In our hyper-political era, one bothersome aspect of daily life is the increasing political stances of corporations. It’s become nearly impossible to grab a coffee, buy a book, or even refill your gas tank without indirectly supporting some sort of political initiative.
One response to this has been the creation of “values-aligned” businesses that purport to adhere to a particular set of political ideas in order to serve a community of customers that share it.
Because the mainstream tacks left, values-aligned businesses tend to be targeted to underserved conservative audiences. PublicSq., which recently went public, aims to give conservatives confidence that they are spending their money with conservative businesses.
Old Glory Bank, co-founded by well-known conservative politicians and personalities, aims to provide financial services like banking, payments, and loans. New venture firms and talent companies are attempting to move up the value chain and align values at the level of capital flows and employment.
Another trend is for consumers on either side of the political spectrum to use a business’s ESG score as a proxy for alignment with their values – high scores for blue, and low for red.
ESG scores, however, are not always easy to find, and can even be misleading. Some companies with low scores do indeed make donations to causes and candidates of which conservatives would disapprove, while companies with high scores are sometimes accused of greenwashing an unimpressive environmental record.
Amid all this, a potentially empowering mechanism for consumers has been overlooked: the interchange fees of credit cards.
Interchange fees – the charges a merchant’s acquiring bank pays a cardholder’s issuing bank when a credit or debit card payment is processed – have typically drawn criticism for their high costs and limited value-add, particularly in the United States. Most consumers don’t think much about interchange, but ask a small business owner and you’ll probably hear some strong opinions about them. After all, they cut into the bottom line, and are the reason some businesses require purchases be over a certain amount before a card can be used.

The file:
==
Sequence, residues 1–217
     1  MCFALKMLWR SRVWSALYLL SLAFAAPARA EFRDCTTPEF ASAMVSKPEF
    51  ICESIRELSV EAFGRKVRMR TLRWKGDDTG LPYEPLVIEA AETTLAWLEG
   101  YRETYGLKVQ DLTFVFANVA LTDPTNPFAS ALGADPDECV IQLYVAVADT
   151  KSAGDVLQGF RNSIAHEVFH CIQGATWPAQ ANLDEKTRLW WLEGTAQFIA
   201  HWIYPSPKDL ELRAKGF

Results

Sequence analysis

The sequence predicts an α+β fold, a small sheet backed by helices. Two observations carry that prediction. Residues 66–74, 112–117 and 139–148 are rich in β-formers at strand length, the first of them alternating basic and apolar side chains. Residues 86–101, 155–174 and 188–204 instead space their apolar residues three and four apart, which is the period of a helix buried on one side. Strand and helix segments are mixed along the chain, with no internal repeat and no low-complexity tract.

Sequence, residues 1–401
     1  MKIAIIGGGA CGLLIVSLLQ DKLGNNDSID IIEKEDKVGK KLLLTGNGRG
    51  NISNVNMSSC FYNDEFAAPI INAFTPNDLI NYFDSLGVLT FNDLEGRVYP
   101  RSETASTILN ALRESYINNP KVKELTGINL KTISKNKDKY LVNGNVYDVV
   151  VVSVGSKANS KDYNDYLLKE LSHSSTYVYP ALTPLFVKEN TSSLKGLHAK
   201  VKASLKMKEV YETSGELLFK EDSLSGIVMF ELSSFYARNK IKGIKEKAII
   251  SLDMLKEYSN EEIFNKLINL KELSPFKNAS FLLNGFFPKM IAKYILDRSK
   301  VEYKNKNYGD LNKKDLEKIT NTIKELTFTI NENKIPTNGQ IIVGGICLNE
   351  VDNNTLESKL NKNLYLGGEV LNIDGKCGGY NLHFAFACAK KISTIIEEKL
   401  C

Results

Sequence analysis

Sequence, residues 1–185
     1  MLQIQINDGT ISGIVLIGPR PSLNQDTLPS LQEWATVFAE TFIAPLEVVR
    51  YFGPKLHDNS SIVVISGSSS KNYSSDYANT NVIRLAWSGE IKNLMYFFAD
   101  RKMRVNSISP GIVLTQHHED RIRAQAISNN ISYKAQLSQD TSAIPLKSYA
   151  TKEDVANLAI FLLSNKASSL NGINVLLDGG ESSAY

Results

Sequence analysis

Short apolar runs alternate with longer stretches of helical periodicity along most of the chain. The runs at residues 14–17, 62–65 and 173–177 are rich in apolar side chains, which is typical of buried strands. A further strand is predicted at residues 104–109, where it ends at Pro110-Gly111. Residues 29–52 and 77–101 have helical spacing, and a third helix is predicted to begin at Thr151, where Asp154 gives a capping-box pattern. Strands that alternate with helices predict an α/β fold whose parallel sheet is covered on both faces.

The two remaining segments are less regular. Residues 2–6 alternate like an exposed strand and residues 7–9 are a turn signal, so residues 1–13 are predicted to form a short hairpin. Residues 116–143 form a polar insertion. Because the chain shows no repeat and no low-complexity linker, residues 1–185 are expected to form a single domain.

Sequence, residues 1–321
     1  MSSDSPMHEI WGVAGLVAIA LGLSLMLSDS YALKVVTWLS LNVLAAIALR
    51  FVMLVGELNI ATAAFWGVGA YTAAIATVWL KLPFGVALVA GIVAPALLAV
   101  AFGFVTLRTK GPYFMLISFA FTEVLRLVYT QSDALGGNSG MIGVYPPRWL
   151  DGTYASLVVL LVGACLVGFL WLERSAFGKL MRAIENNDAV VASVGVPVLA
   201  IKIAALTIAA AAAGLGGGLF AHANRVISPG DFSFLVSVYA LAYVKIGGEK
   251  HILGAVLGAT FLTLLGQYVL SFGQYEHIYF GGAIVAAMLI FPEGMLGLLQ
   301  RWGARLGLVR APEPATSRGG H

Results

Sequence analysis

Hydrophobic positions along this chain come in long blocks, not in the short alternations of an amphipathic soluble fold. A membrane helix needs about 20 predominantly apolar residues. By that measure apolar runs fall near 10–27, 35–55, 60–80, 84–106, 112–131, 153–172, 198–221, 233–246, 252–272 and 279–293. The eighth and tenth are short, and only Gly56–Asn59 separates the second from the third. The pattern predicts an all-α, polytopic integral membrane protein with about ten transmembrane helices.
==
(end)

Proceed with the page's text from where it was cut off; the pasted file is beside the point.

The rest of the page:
Yet, these fees could offer an innovative method for consumers to align their financial activity with their personal values. By carefully selecting card issuers that reflect their political or ethical standpoints, consumers may funnel a non-trivial amount of money to institutions they support.
It may seem counterintuitive, but high interchange fees can act as a counterweight to the political leanings of the corporations where consumers spend their money. In regions like Europe, where interchange fees are more tightly regulated and typically lower, consumers don’t have this leverage.
Thinking about interchange fees in this way can take some of the pressure off consumers to scrutinize the political leanings of businesses they transact with. If consumers must do business with a merchant whose ethical and political stances are not aligned, they can rest easy knowing that their choice of payment method serves as a counterbalance.
This approach requires that consumers do research on companies offering payment cards, investigating their political donations, stances on key issues, and the causes they support. However, doing this once when choosing a primary payment card is much less work than trying to exclusively patronize marketplaces and businesses that are value-aligned.
Value alignment is a new way for card issuers to differentiate, allowing them to vye for customers with shared values, rather than simply offering better financial perks.
A downstream effect could be the creation of financial networks whose participants are more likely to share values, motivations, and goals, which could even lead these networks to operate more efficiently than their mainstream counterparts.
Rather than viewing interchange fees as an unnecessary expense, we should reconsider them as a potentially empowering tool for consumers. They can help consumers avoid the need to carefully evaluate the political leanings of every vendor they encounter, and act as a check against the power of corporations to sway politics, offering consumers a sense of control over their financial footprint.